|Verdict 2004 stops Chief Minister Jayalalithaa dead in her tracks and makes her reverse some of the reform-oriented steps taken by her government in Tamil Nadu.|
WHEN the Bharatiya Janata Party-All India Anna Dravida Munnetra Kazhagam combine drew a blank in the Lok Sabha elections, the BJP leadership sought to belittle the verdict by stating that the electoral battle in Tamil Nadu was fought only on "local" issues. Reinforcing this view, somewhat was the contention of the Dravida Munnetra Kazhagam (DMK) and some of its allies that it was essentially a vote against the Jayalalithaa government's mishandling of the severe drought in the State for the past three years and the related issue of its failure to ensure supply of the Cauvery water to farmers in Thanjavur.
Chief Minister Jayalalithaa.
It is true to a large extent that the Tamil Nadu electorate had voted on "local issues", but most of these issues, such as the agrarian crisis, the paucity of irrigation water, the hike in power tariff, the failure of the public distribution system (PDS) and the growing unemployment problem have not been peculiar to the State. Indeed, these issues are directly linked to the neo-liberal economic policies being pursued vigorously by successive Union governments for the past 10 years.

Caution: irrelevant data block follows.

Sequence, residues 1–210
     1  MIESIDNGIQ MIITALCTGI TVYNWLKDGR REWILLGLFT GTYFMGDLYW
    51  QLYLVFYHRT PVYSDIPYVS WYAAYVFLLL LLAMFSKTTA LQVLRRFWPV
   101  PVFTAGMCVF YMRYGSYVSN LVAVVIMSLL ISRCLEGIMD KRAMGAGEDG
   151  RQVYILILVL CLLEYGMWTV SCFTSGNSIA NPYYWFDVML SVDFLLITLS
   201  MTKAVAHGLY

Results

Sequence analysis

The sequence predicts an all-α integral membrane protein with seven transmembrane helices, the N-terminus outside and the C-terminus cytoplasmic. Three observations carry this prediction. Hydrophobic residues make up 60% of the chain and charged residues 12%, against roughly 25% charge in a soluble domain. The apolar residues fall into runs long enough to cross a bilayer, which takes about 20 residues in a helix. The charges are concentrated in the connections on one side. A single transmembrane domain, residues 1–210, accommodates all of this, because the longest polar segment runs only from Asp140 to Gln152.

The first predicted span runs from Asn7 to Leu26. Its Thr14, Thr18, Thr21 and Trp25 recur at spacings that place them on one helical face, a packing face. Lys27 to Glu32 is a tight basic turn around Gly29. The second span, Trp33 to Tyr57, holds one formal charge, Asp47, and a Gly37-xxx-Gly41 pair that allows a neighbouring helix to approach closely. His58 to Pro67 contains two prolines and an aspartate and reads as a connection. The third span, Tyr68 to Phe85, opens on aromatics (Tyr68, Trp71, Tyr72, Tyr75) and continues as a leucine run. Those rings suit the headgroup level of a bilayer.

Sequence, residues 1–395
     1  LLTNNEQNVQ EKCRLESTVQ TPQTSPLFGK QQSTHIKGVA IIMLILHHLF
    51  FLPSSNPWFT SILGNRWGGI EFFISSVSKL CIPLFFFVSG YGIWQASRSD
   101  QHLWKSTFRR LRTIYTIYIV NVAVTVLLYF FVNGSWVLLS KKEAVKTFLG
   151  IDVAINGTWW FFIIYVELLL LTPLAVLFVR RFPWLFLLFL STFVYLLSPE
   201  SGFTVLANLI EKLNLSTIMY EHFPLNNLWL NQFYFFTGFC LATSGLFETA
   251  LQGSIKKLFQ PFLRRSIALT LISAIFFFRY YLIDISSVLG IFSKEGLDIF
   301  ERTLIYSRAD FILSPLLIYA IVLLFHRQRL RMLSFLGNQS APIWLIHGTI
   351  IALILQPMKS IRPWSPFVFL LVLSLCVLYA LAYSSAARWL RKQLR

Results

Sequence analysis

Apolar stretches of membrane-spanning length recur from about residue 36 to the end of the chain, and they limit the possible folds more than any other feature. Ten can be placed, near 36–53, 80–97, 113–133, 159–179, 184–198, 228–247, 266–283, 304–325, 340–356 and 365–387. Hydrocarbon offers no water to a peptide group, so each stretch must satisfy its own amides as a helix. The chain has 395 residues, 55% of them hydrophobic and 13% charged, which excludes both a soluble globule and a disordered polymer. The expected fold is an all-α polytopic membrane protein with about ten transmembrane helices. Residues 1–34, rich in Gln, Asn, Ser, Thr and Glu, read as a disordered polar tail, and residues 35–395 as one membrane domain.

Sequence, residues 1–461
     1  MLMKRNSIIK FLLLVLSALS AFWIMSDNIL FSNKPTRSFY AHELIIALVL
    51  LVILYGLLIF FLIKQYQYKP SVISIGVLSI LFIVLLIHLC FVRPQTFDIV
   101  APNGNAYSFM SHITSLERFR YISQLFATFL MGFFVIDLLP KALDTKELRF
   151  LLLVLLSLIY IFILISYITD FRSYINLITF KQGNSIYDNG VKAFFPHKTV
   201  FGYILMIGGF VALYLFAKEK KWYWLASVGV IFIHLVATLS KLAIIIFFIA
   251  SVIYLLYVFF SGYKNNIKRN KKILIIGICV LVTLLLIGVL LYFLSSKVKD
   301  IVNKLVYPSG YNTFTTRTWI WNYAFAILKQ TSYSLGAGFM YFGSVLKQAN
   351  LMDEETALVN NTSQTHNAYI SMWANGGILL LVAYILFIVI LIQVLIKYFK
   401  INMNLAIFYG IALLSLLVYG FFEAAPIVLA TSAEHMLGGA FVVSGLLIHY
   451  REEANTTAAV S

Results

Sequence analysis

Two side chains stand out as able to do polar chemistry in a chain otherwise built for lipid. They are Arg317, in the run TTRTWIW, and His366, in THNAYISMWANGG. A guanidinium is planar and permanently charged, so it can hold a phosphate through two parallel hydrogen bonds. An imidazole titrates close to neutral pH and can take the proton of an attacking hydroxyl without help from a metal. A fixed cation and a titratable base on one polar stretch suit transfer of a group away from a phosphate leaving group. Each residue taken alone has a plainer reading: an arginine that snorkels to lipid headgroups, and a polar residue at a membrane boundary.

Although shocked by the verdict, Chief Minister and AIADMK general secretary Jayalalithaa sought to comfort herself by claiming that the people had, after all, voted for change at the Centre. However, a couple of days later she withdrew many of the measures that cost her heavily at the hustings.
The government, in one stroke, removed the income ceiling of Rs.5,000 a month for receiving supplies under the PDS, restored free power supply to agriculturists and hut-dwellers; ordered the resumption of free travel passes for students in State-owned bus services; withdrew cases and penal action against State government employees and teachers who went on a strike in 2003; dropped cases filed against leaders of political parties on charges of instigating the government employees strike work and the large number of defamation cases against newspapers and periodicals (the government gave an assurance that the privilege motions against The Hindu would also be dropped); and rescinded the State Act that banned "forcible" religious conversions.